Giffords Shooting Is an American Tragedy We Need to Urgently Address

We, as Americans, can and should do more to restore civility to our political discourse. And we must do more to address the easy access to high-powered guns.
This post was published on the now-closed HuffPost Contributor platform. Contributors control their own work and posted freely to our site. If you need to flag this entry as abusive, send us an email.

Being the target of violence has always been a risk for those in public office in this country. The organization I head, the Brady Campaign to Prevent Gun Violence, is named after an individual, Jim Brady, who was shot and seriously injured nearly 30 years ago while serving as President Reagan's Press Secretary. During my first month as mayor of Fort Wayne, Indiana, I started receiving death threats which my Police Department considered to be very credible. Too many public officials have been killed and injured in this country in my lifetime -- nearly all of them by guns.

I first met Congresswoman Gabrielle Giffords shortly after her election in 2006. All who met her felt that she had the potential to go far in politics and government. Our hearts and prayers go out to her for a successful recovery, and to the families of the Federal Judge, the young child, the District Director for the Congresswoman and the others killed and injured at the Tuscon grocery store today.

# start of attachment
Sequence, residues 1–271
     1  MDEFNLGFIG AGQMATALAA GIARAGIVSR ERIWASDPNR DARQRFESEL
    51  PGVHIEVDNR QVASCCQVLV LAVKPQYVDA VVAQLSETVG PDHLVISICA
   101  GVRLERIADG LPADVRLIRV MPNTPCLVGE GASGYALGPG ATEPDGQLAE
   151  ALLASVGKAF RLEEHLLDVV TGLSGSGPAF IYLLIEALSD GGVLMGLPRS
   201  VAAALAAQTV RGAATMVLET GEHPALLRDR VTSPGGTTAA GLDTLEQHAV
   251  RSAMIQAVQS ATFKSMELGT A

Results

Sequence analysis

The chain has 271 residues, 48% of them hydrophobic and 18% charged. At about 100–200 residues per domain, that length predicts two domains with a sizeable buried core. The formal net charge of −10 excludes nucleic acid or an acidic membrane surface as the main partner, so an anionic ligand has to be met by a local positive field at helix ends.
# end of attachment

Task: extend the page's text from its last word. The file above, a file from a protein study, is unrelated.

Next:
While we are all still learning details about this shooting, and particularly the 22-year old responsible for this horrendous act, we should find it unacceptable that when Americans and our elected leaders are assembling in public places, their lives are at risk from gun violence.

We also are deeply concerned about the heated political rhetoric that escalates debates and controversies, and sometimes makes it seem as if violence is an acceptable response to honest disagreements. Shortly after President Obama took office, the head of the NRA crowed that "the guys with the guns make the rules;" participants in Congressional forums and Presidential events started carrying guns in public; and then, just last year a candidate for U.S. Senate said the citizens unhappy with elections results should consider exercising their "Second Amendment remedies" and Sarah Palin used gun "target" metaphors encouraging voters to defeat Rep. Giffords and others.

We, as Americans, can and should do more to restore civility to our political discourse. And we can and should do more to address the easy access to high-powered guns that make it too easy for dangerous and irresponsible people to disrupt and destroy the lives of innocent Americans, and political leaders who are simply trying to serve their communities and our country.

Popular in the Community